CitiBusiness / AAdvantage Platinum Select World Mastercard
I’ve had this card for some time now and earned a welcome bonus of 75,000 AAdvantage miles after spending $5,000 in 5 months. That alone allowed me to book some fun travel.
We fly American Airlines quite regularly as CLT is an American Airlines hub, and is one of our home airport options. Direct flights to the Caribbean and most of the mainland US are a great option to have.
I keep this card in my wallet primarily to cover checked baggage fees. We often travel with carry-ons, but at $25 per bag each direction per person, one round-trip flight for the two of us and one checked bag each per year pays for the annual fee, and any additional travel with checked baggage on top of that is a bonus and makes it worth holding onto.
50,000 miles after $5,000 spend in 3 monthsLearn more
Citi AAdvantage Executive World Elite Mastercard
I have this card really for one reason only – I’m an authorized user on my brother’s card just so I can have access to the Admiral’s Club. This card provides access to Admiral’s Clubs for not only the cardholder but also up to 10 authorized users. Yes, it has a $450 annual fee, but it doesn’t cost to add any additional authorized users and allows the cardholder and authorized users to have access to the Admiral’s Club. So, as long as Andy keeps paying the annual fee, I’ll keep grabbing a drink and some snacks before my flights. Thanks, bro!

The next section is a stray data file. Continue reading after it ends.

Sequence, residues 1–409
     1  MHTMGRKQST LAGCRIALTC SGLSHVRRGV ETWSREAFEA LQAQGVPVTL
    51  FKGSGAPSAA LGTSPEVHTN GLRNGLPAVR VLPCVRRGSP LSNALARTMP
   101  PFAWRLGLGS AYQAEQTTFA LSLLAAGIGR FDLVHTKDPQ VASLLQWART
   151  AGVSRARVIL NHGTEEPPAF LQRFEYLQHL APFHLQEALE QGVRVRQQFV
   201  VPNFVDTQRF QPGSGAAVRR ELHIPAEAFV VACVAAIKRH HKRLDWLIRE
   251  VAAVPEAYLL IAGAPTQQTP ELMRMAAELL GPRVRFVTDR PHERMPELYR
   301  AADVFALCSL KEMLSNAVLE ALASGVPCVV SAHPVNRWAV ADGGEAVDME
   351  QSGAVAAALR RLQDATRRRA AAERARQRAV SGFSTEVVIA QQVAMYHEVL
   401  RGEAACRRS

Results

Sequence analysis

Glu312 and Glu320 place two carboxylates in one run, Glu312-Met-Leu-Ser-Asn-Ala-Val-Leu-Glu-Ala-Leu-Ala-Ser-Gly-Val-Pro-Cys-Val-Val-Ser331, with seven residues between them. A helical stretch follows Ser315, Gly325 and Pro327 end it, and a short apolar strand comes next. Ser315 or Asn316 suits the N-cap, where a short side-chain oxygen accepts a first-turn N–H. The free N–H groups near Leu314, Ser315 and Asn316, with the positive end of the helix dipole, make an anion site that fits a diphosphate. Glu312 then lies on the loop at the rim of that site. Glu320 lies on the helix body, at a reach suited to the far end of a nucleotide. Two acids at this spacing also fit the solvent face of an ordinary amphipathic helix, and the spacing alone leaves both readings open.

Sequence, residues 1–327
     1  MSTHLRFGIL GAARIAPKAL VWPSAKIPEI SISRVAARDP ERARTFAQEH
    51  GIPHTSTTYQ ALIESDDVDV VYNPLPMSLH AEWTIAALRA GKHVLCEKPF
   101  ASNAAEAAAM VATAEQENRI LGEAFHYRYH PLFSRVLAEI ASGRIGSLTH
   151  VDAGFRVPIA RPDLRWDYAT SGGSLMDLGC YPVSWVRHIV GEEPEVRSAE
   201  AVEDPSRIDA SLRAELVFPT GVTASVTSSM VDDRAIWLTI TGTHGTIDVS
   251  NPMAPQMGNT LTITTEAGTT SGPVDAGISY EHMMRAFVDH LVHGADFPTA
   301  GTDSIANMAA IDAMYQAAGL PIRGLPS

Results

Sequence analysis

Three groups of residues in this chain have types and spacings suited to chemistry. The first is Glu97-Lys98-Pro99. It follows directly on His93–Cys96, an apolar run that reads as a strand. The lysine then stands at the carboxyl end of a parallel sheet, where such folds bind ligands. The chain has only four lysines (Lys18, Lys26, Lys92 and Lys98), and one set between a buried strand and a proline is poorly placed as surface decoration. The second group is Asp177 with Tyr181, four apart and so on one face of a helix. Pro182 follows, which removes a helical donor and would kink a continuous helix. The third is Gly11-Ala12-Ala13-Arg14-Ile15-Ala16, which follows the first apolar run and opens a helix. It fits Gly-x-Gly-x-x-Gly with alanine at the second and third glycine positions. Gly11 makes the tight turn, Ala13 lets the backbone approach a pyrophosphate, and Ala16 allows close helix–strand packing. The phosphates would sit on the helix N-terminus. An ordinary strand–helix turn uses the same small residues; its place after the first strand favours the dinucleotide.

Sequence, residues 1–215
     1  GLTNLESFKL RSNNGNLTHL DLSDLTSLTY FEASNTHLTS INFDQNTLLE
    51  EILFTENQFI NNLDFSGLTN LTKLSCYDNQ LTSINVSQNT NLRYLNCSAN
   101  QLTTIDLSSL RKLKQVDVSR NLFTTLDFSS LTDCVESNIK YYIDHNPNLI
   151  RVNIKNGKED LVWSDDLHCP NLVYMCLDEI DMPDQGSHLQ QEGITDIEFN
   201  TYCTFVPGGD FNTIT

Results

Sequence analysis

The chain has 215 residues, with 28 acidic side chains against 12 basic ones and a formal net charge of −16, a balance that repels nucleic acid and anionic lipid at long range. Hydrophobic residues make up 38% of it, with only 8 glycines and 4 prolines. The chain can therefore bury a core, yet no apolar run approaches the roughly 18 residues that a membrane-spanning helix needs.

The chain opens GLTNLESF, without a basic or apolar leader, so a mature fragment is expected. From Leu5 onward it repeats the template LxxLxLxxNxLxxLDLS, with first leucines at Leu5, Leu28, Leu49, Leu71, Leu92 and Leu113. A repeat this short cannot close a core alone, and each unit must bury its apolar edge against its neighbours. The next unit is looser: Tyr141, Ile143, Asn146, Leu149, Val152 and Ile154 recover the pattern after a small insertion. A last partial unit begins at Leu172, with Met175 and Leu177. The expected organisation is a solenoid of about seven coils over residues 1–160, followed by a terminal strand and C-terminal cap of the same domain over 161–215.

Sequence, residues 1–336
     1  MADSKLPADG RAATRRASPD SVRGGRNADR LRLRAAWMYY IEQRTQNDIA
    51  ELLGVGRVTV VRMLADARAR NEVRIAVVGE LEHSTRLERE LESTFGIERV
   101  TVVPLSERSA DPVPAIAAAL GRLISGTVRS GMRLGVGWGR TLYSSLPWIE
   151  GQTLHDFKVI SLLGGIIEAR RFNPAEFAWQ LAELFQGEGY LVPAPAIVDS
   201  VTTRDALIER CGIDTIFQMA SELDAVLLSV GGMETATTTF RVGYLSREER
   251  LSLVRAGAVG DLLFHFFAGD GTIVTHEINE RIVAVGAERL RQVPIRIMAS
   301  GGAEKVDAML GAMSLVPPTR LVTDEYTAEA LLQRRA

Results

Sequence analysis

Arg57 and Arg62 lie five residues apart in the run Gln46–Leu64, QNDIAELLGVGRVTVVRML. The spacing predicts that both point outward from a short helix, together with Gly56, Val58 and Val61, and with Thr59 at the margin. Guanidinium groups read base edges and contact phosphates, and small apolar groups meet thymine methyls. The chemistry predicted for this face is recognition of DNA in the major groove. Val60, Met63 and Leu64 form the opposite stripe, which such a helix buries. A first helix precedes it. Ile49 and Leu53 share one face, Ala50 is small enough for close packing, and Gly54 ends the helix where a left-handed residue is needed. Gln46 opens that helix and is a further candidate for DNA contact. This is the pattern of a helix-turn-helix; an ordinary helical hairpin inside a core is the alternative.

By putting together the above list, it’s helpful for me to see what I pay in annual fees for the cards that I maintain, and cross-reference that with the value I get out of each card. With the above, I think I have a good foundation in place for continually earning points and miles from ongoing spend in some of the programs that I use regularly for maximum value.
This year, it looks like the only real modification to my portfolio that I may make is with the Marriott Bonvoy Brilliant Card. I’m still on the fence about whether I’ll keep it or not, but I have until August to decide as that’s when my annual fee is due.
This above analysis, along with my wishlist for cards moving forward, definitely confirms to me that I have a good foundation in place for my ongoing strategy and plenty of opportunities for adding to my portfolio to further expand my card portfolio.